Tuesday, March 23, 2010

cultiver le jardin…

Excellenz von Schubert

YES, VOLTAIRE. It's from the close of Candide — now where did I put that book? — describing the moment when the eponymous hero of the book, finally disillusioned, gives up his quest for philosophy, turns his back on his tedious mentor Pangloss and his tedium… but let Voltaire tell it:
“Pangloss disait quelquefois à Candide: ‘Tous les événements sont enchaînés dans le meilleur des mondes possibles; car enfin, si vous n’aviez pas été chassé d’un beau château à grands coups de pied dans le derrière pour l’amour de Mlle Cunégonde, si vous n’aviez pas été mis à l’Inquisition, si vous n’aviez pas couru l’Amérique à pied, si vous n’aviez pas donné un bon coup d’épée au baron, si vous n’aviez pas perdu tous vos moutons du bon pays d’Eldorado, vous ne mangeriez pas ici des cédrats confits et des pistaches.’

‘Cela est bien dit,’ répondit Candide, ‘mais il faut cultiver notre jardin.’”

Pangloss frequently told Candide: 'everything's connected in this best of all possible worlds; for finally, if you hadn't been chased from a beautiful chateau with considerable kicks on your behind for the love of Mlle Cunégonde, if you hadn't been sent to the Inquisition, if you hadn't run through America on foot, if you hadn't given a good sword-slap to the baron, if you hadn't lost all your sheep in that fine country of Eldorado, you wouldn't be here eating pistachios and candied citron.'

'All very well said,' replied Candide, 'but we must cultivate our garden.'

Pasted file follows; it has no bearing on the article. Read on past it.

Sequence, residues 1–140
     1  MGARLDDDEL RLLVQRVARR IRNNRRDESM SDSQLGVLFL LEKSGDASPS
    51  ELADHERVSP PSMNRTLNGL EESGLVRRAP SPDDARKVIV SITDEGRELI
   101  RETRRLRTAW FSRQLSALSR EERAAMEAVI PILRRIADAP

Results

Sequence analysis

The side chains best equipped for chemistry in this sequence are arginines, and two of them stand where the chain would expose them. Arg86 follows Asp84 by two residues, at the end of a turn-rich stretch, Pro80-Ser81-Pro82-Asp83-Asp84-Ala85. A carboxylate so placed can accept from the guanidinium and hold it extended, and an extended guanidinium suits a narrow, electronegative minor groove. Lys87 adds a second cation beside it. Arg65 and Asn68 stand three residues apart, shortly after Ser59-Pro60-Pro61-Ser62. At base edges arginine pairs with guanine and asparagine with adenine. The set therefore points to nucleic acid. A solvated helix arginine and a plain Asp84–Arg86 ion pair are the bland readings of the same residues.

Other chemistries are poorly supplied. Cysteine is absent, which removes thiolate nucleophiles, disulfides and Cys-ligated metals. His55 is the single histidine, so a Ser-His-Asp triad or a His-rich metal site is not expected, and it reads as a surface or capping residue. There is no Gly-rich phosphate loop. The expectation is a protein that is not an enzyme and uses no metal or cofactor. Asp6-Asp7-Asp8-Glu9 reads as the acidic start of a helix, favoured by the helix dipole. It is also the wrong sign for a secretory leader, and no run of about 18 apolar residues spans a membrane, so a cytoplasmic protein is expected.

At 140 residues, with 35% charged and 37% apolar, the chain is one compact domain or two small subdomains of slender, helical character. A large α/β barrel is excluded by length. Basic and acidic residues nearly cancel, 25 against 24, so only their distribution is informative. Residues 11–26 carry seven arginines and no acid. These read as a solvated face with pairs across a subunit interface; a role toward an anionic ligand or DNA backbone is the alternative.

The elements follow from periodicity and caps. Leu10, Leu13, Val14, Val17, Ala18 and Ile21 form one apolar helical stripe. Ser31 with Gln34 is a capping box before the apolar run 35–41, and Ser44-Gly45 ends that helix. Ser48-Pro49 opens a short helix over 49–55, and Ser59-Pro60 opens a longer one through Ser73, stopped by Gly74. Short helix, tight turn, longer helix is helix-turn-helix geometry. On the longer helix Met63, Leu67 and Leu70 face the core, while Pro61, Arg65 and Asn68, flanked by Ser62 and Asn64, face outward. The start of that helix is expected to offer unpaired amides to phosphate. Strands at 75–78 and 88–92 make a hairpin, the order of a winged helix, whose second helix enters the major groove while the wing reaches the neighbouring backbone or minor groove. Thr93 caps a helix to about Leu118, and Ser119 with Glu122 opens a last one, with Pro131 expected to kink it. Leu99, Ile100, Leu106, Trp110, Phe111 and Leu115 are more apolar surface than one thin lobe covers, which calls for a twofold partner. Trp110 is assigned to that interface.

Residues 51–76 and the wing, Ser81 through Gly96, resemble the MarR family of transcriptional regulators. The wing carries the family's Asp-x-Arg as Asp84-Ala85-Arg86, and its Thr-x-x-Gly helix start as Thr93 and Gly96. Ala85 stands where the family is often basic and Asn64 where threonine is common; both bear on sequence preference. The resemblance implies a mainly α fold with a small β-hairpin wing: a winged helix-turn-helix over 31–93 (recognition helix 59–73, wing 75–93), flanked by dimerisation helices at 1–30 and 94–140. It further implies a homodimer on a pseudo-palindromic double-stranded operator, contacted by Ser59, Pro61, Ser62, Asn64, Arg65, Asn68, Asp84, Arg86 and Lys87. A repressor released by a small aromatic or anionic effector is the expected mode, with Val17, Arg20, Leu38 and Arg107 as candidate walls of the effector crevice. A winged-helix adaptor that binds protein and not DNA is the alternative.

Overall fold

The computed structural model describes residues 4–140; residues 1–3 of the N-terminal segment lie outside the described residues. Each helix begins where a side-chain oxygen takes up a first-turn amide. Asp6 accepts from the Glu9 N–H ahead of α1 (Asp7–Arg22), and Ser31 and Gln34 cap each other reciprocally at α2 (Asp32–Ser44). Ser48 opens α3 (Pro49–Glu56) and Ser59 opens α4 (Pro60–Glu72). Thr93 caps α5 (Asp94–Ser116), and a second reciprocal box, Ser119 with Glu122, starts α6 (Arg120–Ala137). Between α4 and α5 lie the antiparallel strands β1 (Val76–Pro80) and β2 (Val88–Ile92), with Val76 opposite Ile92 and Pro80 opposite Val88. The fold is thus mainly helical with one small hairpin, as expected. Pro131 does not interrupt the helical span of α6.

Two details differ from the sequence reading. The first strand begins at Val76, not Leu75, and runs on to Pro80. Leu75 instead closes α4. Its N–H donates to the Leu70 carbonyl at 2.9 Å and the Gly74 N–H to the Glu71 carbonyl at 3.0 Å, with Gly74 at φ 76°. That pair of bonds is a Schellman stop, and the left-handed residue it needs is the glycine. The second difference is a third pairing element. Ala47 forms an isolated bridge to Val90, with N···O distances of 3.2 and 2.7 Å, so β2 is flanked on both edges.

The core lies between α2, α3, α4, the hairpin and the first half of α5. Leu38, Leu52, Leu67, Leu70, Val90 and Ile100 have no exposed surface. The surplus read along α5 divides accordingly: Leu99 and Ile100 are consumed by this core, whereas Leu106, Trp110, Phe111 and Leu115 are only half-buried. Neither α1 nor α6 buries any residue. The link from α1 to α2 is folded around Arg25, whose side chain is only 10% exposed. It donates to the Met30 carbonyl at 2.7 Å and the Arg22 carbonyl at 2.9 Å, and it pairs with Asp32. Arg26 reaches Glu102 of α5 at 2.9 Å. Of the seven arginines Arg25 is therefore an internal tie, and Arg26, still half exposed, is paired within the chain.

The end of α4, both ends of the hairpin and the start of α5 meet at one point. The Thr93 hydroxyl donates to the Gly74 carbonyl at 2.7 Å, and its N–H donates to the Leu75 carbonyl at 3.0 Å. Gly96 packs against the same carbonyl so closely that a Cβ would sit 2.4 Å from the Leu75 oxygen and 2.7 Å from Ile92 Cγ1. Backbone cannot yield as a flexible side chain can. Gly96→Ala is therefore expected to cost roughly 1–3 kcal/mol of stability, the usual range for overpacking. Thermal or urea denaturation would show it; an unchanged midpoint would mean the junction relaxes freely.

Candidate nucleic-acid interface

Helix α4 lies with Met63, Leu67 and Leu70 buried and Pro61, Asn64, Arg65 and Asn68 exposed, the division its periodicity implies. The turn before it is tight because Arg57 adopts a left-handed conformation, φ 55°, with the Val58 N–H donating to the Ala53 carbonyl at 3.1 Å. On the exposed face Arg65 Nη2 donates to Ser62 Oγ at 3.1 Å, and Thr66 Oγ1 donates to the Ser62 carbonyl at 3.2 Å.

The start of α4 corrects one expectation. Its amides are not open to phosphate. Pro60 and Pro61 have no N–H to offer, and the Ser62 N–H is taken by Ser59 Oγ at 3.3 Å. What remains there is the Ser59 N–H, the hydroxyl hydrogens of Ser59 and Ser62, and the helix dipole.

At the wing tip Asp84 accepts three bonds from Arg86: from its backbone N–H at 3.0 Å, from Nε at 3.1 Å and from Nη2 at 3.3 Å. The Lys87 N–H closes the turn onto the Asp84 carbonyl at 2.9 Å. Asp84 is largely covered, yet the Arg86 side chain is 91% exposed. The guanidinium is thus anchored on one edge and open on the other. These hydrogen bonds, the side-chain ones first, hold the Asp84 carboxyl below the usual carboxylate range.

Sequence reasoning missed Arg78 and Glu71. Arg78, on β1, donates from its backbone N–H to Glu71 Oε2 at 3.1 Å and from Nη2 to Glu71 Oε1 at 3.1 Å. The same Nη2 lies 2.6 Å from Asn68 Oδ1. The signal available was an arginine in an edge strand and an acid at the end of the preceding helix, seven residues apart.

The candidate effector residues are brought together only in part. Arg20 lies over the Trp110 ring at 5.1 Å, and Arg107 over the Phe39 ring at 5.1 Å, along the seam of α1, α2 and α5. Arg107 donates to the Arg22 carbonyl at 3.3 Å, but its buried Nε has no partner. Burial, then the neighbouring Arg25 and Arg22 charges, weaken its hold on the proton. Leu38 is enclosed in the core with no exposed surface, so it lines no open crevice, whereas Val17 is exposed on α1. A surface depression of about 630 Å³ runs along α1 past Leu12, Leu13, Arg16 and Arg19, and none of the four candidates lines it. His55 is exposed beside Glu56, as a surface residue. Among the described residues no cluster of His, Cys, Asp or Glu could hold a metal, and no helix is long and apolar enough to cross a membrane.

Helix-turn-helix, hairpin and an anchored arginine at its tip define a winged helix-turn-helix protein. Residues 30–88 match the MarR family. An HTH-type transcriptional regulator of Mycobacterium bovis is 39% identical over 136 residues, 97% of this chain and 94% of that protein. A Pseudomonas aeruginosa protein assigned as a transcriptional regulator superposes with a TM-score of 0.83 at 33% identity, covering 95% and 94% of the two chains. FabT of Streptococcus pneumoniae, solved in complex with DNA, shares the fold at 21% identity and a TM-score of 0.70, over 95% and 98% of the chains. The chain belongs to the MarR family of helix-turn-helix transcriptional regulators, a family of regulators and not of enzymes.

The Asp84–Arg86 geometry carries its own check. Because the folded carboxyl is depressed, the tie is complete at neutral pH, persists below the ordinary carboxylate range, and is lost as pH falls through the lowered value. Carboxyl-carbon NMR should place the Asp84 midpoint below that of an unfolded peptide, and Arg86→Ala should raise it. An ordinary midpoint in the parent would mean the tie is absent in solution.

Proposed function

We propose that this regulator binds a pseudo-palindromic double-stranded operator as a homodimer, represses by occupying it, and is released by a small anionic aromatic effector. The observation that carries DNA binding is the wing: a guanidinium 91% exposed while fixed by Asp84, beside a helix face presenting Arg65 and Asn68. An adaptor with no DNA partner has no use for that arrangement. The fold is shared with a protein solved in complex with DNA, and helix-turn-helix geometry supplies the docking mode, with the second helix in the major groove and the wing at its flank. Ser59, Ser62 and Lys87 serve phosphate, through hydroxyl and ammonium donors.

Voltaire wasn't talking about a garden of his own, whether in Switzerland or France. Wikipedia provides a pretty good take on the quote (I recommend the entire entry, and that on Voltaire):
The conclusion of the novella, in which Candide finally dismisses his tutor's optimism, leaves unresolved what philosophy the protagonist is to accept in its stead. This element of Candide has been written about voluminously, perhaps above all others. The conclusion is enigmatic and its analysis is contentious.

self-portrait, San José

WE SPENT THE WEEKEND in the improbable city of San José, which is greatly changed in the last forty years. (The addition of the acute accent to its name is one of those changes.) With over a million inhabitants it is now California's third city (after Los Angeles and San Diego), and the heart of the city, where we spent most of our time, is an odd survival of the old architecture and street-grid in the midst — well, there is no "midst" here; the city reminds me of Houston, where empty office-skyscrapers thrust up from blocks of bungalows in a wide-spread scatter fully dependent on the automobile.